I am an absolutely unapologetic foodie. But that shouldn’t be confused with being snooty. The truth is, I just love eating out. From burger joints to oyster bars, to five star Manhattan restaurants, and everything in-between. And after 15-plus years working in the restaurant biz, I’ve also developed quite the keen eye for what is going on behind the scenes at my favorite, and not-so-favorite haunts. Within a few minutes of walking into a restaurant, I already have a pretty good indication of if it’s a place I’ll want to come back to. What are the signs you’re in a good restaurant? Read on to find out.
The staff is happy and on the ball
I believe any dining experience can be elevated when the staff of a restaurant all seem to appreciate your business. I don’t mean faux-VIP butt kissing, I mean being greeted warmly at the door, smiled at by passing busboys, and pleasantly addressed by anyone who approaches your table. It may not sound like much, but it goes a long way in shaping my impression of a restaurant on my first visit, and may even allow me to forgive other areas where the establishment may be lacking. Bonus points if a manager comes by to check on me, even if it is just for a moment.
Clean floors and restrooms
I’ve worked in enough restaurants to know the condition they keep the front of the house in is a pretty good indication of the condition of the kitchen. Sure, not every place is going to be newly renovated with all the bells and whistles of a modern restroom, but I expect to see well-stocked paper products, functioning plumbing and fixtures, a garbage can that’s not overflowing, and doors that properly lock. Hooks to hang purses and bags is also appreciated. And let’s face it — the restroom should not smell like a restroom.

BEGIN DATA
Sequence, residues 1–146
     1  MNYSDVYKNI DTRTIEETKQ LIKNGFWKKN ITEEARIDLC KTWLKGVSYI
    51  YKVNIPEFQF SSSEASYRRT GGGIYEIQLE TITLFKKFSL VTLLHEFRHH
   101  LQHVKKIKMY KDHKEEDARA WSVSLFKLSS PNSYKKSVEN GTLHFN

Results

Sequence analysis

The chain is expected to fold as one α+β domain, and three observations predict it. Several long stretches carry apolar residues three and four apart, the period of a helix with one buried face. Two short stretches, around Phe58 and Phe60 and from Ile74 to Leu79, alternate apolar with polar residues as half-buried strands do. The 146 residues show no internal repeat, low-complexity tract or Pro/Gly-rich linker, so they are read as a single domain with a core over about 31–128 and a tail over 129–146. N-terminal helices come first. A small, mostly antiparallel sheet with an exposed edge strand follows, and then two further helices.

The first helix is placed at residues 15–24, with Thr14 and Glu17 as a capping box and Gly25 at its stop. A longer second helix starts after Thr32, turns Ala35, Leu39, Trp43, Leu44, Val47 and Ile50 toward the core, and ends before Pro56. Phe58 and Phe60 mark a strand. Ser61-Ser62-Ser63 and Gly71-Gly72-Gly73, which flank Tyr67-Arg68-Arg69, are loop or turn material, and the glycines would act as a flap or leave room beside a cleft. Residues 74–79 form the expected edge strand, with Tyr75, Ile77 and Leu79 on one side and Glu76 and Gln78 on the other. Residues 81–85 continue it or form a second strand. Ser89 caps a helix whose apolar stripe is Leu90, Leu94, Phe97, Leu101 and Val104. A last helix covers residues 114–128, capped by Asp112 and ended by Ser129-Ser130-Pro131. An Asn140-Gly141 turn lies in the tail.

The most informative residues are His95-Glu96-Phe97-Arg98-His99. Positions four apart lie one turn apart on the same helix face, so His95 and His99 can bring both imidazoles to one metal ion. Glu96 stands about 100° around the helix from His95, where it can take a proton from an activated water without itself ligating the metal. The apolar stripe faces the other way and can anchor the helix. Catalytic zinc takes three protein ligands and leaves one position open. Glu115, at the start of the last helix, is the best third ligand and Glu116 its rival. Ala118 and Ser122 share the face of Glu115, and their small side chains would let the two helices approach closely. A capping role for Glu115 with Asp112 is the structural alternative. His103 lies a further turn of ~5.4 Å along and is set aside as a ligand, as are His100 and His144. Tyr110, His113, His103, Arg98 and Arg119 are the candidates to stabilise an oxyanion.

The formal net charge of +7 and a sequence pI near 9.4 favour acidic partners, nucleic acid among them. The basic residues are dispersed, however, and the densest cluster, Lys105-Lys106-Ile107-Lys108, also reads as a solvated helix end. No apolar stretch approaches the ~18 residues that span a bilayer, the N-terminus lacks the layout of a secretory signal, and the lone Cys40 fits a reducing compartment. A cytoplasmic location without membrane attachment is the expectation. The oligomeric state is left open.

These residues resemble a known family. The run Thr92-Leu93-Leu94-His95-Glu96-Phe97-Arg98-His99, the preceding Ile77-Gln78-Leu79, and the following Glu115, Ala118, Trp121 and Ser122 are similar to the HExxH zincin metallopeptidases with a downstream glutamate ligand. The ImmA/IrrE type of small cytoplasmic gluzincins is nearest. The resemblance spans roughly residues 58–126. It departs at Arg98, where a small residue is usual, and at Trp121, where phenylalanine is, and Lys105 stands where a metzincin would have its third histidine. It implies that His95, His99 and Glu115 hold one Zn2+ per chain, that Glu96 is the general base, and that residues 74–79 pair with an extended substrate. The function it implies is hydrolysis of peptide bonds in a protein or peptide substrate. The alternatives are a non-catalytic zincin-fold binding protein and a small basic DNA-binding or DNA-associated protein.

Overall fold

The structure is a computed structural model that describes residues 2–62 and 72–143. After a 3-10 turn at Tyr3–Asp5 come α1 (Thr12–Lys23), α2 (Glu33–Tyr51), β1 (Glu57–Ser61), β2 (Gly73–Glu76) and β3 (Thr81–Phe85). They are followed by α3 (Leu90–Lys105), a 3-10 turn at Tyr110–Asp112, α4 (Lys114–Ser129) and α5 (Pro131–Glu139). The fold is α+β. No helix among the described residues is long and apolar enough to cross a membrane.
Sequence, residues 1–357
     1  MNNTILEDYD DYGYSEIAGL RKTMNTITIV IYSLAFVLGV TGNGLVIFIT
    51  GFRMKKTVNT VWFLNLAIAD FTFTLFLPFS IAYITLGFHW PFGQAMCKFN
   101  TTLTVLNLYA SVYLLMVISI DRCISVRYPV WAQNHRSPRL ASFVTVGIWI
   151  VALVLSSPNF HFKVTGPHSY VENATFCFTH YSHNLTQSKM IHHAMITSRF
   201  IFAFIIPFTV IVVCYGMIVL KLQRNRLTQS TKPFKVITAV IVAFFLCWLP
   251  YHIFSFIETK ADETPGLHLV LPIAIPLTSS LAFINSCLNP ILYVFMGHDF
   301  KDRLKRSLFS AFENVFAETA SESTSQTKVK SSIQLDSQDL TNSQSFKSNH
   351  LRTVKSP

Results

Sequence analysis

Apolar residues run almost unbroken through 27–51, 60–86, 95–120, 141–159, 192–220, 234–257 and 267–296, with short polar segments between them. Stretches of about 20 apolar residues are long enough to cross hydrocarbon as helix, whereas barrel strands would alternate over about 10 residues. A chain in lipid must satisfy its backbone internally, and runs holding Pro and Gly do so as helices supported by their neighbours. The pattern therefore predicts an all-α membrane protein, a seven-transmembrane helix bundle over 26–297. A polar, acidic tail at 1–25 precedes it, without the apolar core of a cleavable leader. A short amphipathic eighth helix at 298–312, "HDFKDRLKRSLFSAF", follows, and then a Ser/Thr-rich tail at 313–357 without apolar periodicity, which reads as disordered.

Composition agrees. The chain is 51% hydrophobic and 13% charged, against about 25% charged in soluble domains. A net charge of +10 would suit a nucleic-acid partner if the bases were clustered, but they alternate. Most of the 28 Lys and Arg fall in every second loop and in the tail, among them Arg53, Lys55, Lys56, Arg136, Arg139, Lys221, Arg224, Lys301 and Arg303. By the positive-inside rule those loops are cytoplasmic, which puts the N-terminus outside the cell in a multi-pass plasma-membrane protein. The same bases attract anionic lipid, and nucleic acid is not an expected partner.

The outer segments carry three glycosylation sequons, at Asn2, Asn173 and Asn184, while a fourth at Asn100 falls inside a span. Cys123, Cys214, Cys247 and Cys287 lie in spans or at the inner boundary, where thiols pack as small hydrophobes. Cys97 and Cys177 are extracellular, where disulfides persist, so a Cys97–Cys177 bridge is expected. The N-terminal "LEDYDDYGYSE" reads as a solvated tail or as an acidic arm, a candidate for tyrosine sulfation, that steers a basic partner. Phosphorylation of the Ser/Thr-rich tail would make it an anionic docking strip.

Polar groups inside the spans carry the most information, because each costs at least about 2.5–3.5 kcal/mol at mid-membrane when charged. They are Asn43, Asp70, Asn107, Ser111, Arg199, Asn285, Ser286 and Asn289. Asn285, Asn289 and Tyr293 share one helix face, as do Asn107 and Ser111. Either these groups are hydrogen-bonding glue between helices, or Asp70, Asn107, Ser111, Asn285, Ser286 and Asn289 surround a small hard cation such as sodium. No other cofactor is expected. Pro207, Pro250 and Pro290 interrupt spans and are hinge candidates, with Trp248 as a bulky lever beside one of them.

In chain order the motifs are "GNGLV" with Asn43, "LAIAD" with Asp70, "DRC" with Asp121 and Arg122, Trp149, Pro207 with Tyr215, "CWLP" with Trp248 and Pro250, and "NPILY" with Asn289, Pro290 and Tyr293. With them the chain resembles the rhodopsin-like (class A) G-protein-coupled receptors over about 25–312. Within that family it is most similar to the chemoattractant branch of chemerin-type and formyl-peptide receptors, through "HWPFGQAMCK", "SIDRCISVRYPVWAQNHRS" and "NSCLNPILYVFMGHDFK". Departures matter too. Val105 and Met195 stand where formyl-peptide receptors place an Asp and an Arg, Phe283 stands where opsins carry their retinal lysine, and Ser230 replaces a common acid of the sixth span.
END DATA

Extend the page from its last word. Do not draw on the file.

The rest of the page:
The floors throughout the restaurant should also be kept up with during a shift. I don’t want to stare at the crumbs and broken crayons of the family that left the table next to mine a half hour ago. Sticky floors are a major turn off, and slippery situations should be handled well before a guest might ever cross its path.
You might encounter one of these transgressions before they’re noticed by staff. At a good restaurant, politely notifying the staff of what you’ve seen will have them thanking you and jumping into action.
I’ve worked in places that practically threw me onto the floor with an apron the second I showed up for my first day on the job, and restaurants where I had to trail another server for three weeks and take tests proving I had memorized the menu before I was allowed to approach a table solo. Which do you think was the better restaurant?
A good restaurant is a restaurant that adequately trains its staff. A server should be able to intelligently answer any reasonable question you have about the menu and specials, and even the wine list, while also making suggestions based on your tastes. A good restaurant will encourage and even require servers to taste all of the food they sell, so they can guide you first-hand in your choices for your meal.
Bartenders should also have strong familiarity with the wines on offer, and a working knowledge of all classic cocktails. Too often you’ll see a restaurant put young, inexperienced servers behind a bar because they’re attractive, or simply because they expressed interest in picking up a bar shift. Unless another, more senior bartender is back there with them, that could be a recipe for trouble.
Restaurants run the smoothest when every member of the staff shares the goal of making every guest’s experience a good one. Teamwork ensures the proper utensils and condiments are on the table before you even need them, and that plates are cleared before your next course arrives.